Thursday, March 2, 2017



Don’t Say His Name by Donna Kuhn
(Moria Books’ Locofo Chaps, 2017)

In Donna Kuhn’s chapbook, Don’t Say His Name, she expresses to the reader the same sense of chaos and disharmony that Donald Trump does every time he speaks or tweets his thoughts. The poems themselves are chaotic and edgy with the analysis of  situations that are difficult to understand or pin down. As I read the poems, I felt that Kuhn was using the same rhetorical devices of obfuscation that Donald Trump uses. The poems reflect her distaste, fear, and inability to relate to who and what Trump is as both a person and the President of the United States. The language sends out a sense of the fear that we have for this president, who is unable to give Kuhn (and myself) any sense of coherence or kindness. Thinking about Trump makes Kuhn feel uncomfortable, as it makes me feel uncomfortable, also.  

In the poem, “DON’T SAY HIS NAME (WITH SPENCER SELBY),” Kuhn questions, as though looking for hope or answers:

let me imply misguided by now
it’s against my standards

the personal, art and is there
a drug for that?

he’s not our fucking father!
are you laughing at me?
at least i could express it my way
doomed; are we doomed?

She is expressing what many people are feeling; he is a monstrosity who cannot be dealt with in any rational way. Still, she expresses hope, although very little, when she asks “are we doomed?”

The poem, “DONALD TRUMP IS SO UNHAPPY,” gives the reader a glimpse of all the facets of Trump’s self. However, it is not clear who or what he is, as Kuhn leaves many of the lines unfinished and once again, there is no sense of coherence when she tries to describe Trump:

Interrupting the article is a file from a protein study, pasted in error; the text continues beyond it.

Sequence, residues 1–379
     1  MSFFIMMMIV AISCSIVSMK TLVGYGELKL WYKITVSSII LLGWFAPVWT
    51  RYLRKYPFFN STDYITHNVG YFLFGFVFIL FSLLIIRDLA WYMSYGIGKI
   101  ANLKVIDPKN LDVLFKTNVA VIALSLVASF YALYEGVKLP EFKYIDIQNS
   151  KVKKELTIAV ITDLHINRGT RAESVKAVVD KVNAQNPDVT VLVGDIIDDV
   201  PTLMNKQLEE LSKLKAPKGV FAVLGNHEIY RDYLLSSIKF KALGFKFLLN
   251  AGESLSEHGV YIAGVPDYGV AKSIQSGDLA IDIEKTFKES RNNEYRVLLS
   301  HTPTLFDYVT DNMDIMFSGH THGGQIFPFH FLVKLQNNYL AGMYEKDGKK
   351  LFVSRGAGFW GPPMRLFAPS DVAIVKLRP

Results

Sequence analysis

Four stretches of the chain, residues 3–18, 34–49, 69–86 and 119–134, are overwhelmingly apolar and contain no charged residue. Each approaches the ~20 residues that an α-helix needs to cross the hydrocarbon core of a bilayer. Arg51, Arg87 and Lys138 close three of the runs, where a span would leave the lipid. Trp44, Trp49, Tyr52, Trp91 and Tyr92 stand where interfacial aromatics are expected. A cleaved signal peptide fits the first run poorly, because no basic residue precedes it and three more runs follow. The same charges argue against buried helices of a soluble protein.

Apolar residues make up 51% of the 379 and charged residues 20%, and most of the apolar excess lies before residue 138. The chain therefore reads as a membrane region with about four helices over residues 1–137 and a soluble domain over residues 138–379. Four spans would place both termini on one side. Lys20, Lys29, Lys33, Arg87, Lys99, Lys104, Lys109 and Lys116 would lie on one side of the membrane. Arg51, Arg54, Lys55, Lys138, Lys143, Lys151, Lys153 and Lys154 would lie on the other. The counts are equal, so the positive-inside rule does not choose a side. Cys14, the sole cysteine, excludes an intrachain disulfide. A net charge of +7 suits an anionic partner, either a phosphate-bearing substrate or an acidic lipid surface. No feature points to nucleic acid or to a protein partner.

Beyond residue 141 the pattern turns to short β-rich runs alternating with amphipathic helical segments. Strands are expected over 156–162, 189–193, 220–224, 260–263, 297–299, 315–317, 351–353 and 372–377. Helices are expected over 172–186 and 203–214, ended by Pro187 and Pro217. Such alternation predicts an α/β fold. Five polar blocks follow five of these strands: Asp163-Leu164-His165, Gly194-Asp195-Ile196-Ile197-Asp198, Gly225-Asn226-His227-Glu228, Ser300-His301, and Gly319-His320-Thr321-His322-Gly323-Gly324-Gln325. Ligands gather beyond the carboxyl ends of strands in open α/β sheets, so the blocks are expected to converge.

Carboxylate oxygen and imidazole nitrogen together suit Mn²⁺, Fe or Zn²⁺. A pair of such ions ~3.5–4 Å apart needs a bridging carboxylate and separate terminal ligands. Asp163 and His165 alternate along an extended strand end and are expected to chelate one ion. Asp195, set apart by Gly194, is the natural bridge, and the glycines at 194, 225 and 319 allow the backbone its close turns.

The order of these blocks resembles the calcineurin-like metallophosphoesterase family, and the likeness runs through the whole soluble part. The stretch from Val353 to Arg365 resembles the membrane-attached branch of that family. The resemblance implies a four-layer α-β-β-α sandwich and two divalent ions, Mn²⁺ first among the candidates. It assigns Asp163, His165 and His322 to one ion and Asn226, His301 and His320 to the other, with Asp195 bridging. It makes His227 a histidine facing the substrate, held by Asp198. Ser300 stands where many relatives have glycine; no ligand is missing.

donald trump is a very goal
donald trump is gettin’ jiggy wid it
donald trump is a true american
donald trump is flamboyant
donald trump is the face of
donald trump is fun to play with

Kuhn ends the poem with these lines:

donald trump is using it
donald trump is a donald
donald trump is a good politician or not

The reader is once again thrust into the confusion of identifying what is true and what is untrue. She effectively uses sound bites that can only suggest something to the reader.  Kuhn’s uses a style in these poems that emphasizes fear, confusion, and paralysis, which is very effectively used when describing Donald Trump.


Mary Kasimor has written poetry for many years. Her work has appeared in Big Bridge, 2River, Glasgow Review of Books, Nerve Lantern, 3 AM, Touch the Donkey, PositYew Journal, and Otoliths. Her recent poetry collections are The Landfill Dancers (BlazeVox Books 2014) and Saint Pink (Moria Books 2015). Her chapbook, The Nature Store, will be published this spring by Dancing Girl Press. She has also been an reviewer of many small poetry press collections.

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